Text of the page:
Hundreds of people march in downtown Sitka, Alaska, during the women's march, held in solidarity with the Women's March on Washington, Saturday, Jan. 21, 2017. (James Poulson/The Daily Sitka Sentinel via AP)
Imagine taking a snowmobile, two flights, and a bus to get to one of four clinics offering abortion in your state – the distance equivalent of traveling from New York City to Chicago. For the one-third of Alaska’s women and girls living in the rural reaches of the state, this isn’t a thought experiment – it’s an everyday reality.

Last week, things got worse. Under the guise of fighting Covid-19, Alaska Governor Michael Dunleavy declared surgical abortions “non-urgent,” ordering them postponed unless the pregnancy endangered the woman’s “life or physical health.” Dunleavy’s order accidentally acknowledged how urgent abortion is by linking to American College of Surgeons guidance, which says delaying abortion could cause “significant harm.”

The governor said the ban would continue through June 15.

The restrictions disproportionately harm Alaskans already facing systemic barriers to health care – rural, indigenous, young, and poor people. Surgical abortions, which require a single appointment, are performed in Alaska at rates above the US average. The alternative, medical abortions, or taking pills to end a pregnancy, currently require a follow-up appointment up to a week later, a major financial and logistical burden for many Alaskans.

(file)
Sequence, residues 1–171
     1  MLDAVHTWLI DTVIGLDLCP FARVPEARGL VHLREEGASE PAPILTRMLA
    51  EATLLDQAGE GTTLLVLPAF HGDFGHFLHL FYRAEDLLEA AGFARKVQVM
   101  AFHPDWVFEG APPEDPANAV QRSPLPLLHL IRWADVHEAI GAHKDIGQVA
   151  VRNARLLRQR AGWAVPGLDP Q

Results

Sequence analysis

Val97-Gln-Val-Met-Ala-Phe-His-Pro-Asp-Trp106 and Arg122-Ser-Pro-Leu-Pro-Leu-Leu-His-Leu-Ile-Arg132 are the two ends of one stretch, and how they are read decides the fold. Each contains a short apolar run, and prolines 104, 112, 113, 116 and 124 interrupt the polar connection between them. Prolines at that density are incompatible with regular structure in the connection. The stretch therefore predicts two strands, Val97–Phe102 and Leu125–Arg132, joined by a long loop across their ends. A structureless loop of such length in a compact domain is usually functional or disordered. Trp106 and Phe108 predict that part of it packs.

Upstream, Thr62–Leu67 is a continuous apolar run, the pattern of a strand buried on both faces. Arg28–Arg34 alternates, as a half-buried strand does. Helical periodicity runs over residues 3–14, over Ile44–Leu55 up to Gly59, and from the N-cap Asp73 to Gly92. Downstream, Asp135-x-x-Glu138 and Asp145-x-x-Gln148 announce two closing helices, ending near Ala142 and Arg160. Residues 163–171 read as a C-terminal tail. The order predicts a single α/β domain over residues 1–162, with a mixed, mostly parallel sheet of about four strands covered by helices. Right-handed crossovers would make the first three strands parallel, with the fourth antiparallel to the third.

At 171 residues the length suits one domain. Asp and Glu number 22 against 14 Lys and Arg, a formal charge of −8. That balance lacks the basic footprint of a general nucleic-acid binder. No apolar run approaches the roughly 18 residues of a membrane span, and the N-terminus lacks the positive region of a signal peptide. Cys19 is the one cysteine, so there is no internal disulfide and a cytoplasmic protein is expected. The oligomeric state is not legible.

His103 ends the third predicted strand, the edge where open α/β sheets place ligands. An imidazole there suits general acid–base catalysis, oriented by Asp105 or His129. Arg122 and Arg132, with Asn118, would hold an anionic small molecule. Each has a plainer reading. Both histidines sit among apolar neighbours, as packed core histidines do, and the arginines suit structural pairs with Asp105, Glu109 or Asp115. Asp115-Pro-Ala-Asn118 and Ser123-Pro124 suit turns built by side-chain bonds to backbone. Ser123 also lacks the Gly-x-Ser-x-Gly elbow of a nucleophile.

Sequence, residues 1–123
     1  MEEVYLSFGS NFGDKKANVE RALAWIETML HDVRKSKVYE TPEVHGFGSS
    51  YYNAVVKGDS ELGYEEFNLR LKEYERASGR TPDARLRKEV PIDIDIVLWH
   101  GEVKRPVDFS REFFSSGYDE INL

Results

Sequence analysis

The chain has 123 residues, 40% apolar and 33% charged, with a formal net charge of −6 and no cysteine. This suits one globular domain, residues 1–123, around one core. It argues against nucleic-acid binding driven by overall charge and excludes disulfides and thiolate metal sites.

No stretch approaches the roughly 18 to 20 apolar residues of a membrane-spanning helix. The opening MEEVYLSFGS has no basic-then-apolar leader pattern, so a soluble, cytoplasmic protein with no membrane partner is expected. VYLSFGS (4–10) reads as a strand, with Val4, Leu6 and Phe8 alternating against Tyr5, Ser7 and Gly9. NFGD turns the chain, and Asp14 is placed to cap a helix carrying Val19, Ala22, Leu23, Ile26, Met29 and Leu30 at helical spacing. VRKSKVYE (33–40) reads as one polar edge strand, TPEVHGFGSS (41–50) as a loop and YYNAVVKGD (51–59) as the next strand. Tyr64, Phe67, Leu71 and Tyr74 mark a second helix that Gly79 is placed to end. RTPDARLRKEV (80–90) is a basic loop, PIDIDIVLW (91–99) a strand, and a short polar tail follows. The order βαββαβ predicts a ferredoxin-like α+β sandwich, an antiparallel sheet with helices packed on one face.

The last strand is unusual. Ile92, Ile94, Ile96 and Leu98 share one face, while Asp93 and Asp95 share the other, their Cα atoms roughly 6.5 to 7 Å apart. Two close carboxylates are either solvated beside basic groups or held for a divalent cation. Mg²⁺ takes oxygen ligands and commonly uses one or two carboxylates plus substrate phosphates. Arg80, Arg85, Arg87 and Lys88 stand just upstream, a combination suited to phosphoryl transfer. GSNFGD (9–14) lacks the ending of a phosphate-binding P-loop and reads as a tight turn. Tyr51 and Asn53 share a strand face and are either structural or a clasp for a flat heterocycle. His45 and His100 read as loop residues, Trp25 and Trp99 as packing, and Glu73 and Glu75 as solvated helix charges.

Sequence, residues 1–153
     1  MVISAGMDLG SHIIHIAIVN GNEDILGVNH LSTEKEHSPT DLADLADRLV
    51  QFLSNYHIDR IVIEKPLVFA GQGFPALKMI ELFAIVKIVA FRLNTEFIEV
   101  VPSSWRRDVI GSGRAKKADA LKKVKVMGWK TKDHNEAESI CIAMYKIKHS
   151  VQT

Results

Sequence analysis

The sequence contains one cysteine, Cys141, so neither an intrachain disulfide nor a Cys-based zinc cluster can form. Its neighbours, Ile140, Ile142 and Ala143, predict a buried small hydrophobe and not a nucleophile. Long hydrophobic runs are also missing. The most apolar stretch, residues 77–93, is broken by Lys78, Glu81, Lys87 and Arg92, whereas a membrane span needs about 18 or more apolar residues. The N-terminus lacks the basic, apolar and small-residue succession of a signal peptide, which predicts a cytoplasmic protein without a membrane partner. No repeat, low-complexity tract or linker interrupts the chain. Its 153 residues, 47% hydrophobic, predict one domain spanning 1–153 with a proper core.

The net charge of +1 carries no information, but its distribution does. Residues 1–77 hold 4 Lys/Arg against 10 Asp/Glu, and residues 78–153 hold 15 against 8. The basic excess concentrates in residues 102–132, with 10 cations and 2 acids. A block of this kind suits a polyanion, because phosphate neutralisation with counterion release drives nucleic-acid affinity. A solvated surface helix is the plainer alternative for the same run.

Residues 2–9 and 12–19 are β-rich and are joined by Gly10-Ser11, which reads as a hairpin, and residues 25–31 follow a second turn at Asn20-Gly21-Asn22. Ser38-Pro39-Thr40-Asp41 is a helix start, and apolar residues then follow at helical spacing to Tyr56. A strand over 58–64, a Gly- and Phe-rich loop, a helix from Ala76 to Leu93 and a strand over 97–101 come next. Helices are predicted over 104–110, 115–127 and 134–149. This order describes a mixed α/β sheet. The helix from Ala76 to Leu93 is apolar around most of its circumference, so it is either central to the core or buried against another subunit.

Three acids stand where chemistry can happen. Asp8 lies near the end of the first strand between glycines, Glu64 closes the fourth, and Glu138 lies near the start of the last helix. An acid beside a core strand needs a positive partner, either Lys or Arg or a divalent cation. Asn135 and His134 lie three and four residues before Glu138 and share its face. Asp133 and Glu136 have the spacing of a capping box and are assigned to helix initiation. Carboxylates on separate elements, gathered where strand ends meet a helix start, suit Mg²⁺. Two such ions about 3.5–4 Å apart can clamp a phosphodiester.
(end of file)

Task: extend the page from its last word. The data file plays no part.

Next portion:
Restrictions on leaving some Alaskan communities during the pandemic compound the barriers.

Too often people needing abortion care in Alaska are survivors of sexual violence. Rape occurs in the state at 2.5 times – and child sexual assault at 6 times – the national average.

The crackdown on abortion in Alaska is not new. Anti-choice legislators have restricted abortions to state-approved facilities and prohibited nurse practitioners, physician assistants, and midwives from providing abortions. These restrictions drove nine clinic closures since 1992. In 2019, Dunleavy blocked $334,700 in funds to the judiciary – the exact amount the state spent funding abortions in 2018 – in retaliation for a court ruling protecting Medicaid-funded abortions.

Across the United States, nine other states are using Covid-19 to further anti-choice agendas, and lawmakers in four others are also considering them.

Abortions are essential care, and governments can protect abortion care while fighting Covid-19. Telemedicine services and helping patients end pregnancies by self-administering pills at home can make abortion care more accessible, even in remote areas, while protecting health workers from potential exposure to the new coronavirus.

Instead of using the pandemic as an excuse to roll back rights, policymakers in Alaska and elsewhere should protect everyone’s health now and into the future.